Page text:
1951-1960ClassicsComedyItalyRenato Castellani

Renato Castellani – Due soldi di speranza AKA Two Cents Worth of Hope (1952)


The story concerns the romance between Carmela and Antonio. Faced with the hostility of their parents, they symbolically shed themselves of all responsibilities to others in a climactic act of stark-naked bravado.

A more cheerful face upon the presence of post-war poverty and privation in Italy than has been shown by any previous film from that land is warmly and amiably exposed in Renato Castellani’s new comedy at the World, “Two Cents Worth of Hope.” As a matter of fact, the good-humor in this little film is so benign and the problems it places to the marriage of a man and maid appear so engineered that it is really less a comment on poorness than just a good, gay Italian family farce.

That is certainly nothing against it. As a lively and buoyant tale of the wistful and hilarious quandries into which a village young man and girl are thrown by the basic fact that the young fellow doesn’t have enough money to marry the girl, it is wholly and admirably valid in the entertainment line and throws out some fascinating sidelights on village customs and characters.

For instance, the horrendous tangle into which a group of hack drivers get themselves when they try to form a “cooperative” to run a station bus makes a grand lot of genuine native humor, and a little scene in which two mothers strike a deal for the marriage of a middle-aged man and an old-maid daughter, with the priest umpiring the deal, rings richly true.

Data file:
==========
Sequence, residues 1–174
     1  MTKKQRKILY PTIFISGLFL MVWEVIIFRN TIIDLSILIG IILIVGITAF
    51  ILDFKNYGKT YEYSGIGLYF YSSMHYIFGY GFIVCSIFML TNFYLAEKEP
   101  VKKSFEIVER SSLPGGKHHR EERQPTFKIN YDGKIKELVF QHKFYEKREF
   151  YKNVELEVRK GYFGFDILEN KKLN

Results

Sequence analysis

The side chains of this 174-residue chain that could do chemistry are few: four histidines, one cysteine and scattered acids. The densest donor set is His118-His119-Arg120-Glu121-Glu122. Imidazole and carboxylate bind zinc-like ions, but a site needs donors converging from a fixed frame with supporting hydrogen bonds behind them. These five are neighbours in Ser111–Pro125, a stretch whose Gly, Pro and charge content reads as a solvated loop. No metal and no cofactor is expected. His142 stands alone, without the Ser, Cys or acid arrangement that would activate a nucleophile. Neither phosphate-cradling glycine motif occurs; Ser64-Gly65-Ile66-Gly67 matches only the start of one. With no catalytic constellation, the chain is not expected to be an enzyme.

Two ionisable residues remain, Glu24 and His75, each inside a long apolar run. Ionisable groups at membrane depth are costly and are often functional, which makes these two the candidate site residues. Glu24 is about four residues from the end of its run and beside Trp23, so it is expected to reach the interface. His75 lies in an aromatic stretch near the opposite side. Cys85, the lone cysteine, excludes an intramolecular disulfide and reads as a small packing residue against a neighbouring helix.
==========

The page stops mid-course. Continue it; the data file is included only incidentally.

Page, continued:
The characters, too, are delightful and are reflective, beyond any doubt, of the typical villagers in the area of Naples, where Signor Castellani recruited his cast and made his film. A lively girl named Maria Fiore plays the sultry and eccentric miss who is prevented from marrying the hero by her willful father, the fireworks-maker in the town. And a strapping chap, Vincenzo Musolino, is grandly explosive and harassed as the poor man who has to support his family and earn a dowry for his sister before he can take a wife. As his mother, Filomena Russo, is wonderfully fluent with Italian gestures and moods, and Luigi Astarita, Carmela Cirillo and many others are fine in lesser roles.

But it must be said that Signor Castellani and those who worked with him on the script have used parental opposition only as a contrivance for their tale. When they have spun out sufficient complications and incidents with this device, they easily arrange for their young lovers to solve their dilemma naturally.

The consequence is that the picture—which, by the way, won the grand prize at the Cannes Film Festival last spring—is flavorsome and impressive, undeniably realistic and aptly paced, but it misses a convincing conveyance of the real pathos that lies somewhere within its tale.

— BOSLEY CROWTHER (New York Times)


Subtitles:English, Italian (muxed), English (srt)

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